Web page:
Wiring

The following table and picture shows the needed connections with the Arduino Uno.

The following table and picture shows the needed connections with the Chinese Uno.

Step by Step instruction

  1. Plug your Adruino Uno board into your PC and select the correct board and com port
  2. You must take something in consider: 28BYJ-48 has a gear ratio of 64 and stride angle 5.625 so this motor has a 4096 Steps. Number of Steps in one revolution= 360/stride angle=360/5.625=64. Steps =Number of steps in One Revolution * Gear ratio. Steps= (360/5.625)*64 = 64 * 64 =4096 - this value will substitute it in the arduino sketch. 
  3. For Adafruit Stepper Motor the stride angle 7.5 and gear ratio is 16. So number of steps in 1 revolution will be : steps in One Revolution  = 360 / 7.5 = 48. Steps= 48 * 16 = 768. It will be different depending on what motor you are using so check the datasheet for your stepper motor to calibrate these values.
  4. Verify and upload the the sketch to your Adruino Uno.

 

Libraries:

  • See attachments on the begining of this project description.
  • The Stepper library included in Adruino IDE program which installed in your PC.

 

Program/Sketch

/********************************
* name: BYJ48 Stepper motor code
* function: This program drives a unipolar or bipolar stepper motor. 
            The motor moves 1000 steps in one direction, then 1000 in the other.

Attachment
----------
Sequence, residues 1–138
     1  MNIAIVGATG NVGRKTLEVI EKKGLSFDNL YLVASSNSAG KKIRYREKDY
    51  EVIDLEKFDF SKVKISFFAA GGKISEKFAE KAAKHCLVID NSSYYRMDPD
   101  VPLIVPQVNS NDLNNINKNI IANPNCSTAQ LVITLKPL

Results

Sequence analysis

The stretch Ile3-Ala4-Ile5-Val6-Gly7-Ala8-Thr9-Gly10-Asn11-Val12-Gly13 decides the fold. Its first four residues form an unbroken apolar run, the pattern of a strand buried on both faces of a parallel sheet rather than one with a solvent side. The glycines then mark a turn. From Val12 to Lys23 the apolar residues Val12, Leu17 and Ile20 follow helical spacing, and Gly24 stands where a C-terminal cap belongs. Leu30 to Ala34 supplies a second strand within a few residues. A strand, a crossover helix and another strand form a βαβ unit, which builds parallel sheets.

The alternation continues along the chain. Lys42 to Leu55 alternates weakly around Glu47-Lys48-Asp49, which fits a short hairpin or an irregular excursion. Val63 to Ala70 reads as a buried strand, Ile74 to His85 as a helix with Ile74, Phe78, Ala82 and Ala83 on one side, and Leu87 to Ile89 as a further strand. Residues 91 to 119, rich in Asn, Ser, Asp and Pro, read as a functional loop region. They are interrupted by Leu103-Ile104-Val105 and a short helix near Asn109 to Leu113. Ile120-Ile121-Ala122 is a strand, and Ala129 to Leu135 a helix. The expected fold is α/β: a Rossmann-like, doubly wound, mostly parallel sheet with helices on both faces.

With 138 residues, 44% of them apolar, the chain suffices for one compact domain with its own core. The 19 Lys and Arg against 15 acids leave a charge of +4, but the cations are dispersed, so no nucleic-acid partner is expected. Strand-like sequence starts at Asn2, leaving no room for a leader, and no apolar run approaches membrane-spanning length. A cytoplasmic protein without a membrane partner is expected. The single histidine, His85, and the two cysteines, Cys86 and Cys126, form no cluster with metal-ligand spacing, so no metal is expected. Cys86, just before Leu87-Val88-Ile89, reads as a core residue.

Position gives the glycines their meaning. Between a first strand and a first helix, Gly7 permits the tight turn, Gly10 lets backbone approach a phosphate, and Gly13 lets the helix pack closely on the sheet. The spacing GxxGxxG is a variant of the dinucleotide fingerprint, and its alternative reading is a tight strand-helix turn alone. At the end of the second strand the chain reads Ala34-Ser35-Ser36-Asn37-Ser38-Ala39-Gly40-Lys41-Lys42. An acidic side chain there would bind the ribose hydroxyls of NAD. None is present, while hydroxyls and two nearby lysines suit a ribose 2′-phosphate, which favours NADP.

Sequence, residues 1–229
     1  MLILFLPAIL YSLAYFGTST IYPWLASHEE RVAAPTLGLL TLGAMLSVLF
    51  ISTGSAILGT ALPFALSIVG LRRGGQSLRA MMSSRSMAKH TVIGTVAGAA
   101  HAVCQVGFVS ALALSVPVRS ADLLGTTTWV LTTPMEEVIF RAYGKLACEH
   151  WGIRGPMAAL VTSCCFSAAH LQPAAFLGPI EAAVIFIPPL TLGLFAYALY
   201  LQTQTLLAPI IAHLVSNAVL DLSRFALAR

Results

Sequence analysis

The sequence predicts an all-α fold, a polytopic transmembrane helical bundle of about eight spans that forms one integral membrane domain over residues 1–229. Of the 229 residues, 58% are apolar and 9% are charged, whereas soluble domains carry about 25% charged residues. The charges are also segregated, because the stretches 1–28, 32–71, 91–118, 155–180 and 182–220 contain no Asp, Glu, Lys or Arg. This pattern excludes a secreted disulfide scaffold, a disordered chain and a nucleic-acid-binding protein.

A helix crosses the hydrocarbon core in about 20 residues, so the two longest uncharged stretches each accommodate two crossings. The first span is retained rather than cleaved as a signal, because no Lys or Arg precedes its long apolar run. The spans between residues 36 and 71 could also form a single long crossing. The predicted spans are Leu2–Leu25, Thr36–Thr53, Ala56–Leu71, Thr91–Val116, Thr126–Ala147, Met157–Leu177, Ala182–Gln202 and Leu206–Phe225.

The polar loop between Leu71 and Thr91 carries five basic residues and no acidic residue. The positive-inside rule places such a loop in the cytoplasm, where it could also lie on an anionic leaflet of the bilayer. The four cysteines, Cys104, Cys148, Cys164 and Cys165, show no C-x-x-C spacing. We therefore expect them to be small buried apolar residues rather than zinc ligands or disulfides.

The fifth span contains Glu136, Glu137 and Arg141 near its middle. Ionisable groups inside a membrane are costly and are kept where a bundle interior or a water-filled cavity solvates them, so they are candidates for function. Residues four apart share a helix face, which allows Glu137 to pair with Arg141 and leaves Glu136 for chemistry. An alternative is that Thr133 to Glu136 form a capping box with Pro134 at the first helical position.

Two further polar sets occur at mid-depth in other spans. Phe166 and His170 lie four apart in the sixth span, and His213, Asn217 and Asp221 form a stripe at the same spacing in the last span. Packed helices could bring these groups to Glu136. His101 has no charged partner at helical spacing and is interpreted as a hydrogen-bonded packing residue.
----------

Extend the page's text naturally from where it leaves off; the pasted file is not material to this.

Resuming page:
********************************/
//Email:info@acoptex.com
//Website:www.acoptex.com
/********************************/
// include the library code
#include <Stepper.h>
/********************************/
#define motorSteps 64     // change this depending on the number of steps
                           // per revolution of your motor
#define motorPin1 8
#define motorPin2 10
#define motorPin3 9
#define motorPin4 11
/********************************/
// initialize of the Stepper library:
Stepper myStepper(motorSteps, motorPin1,motorPin2,motorPin3,motorPin4); 
/********************************/
void setup() {
  // set the motor speed at 200 RPMS:
  myStepper.setSpeed(200);
  // Initialize the Serial port:
  Serial.begin(9600);
}
/********************************/
void loop() {
  // Step right 1000 steps:
  Serial.println("Turn right");
  myStepper.step(1000);
  delay(500);
  // Step left 100 steps:
  Serial.println("Turn left");
   myStepper.step(-1000);
  delay(500);
 }



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Published at 30-04-2017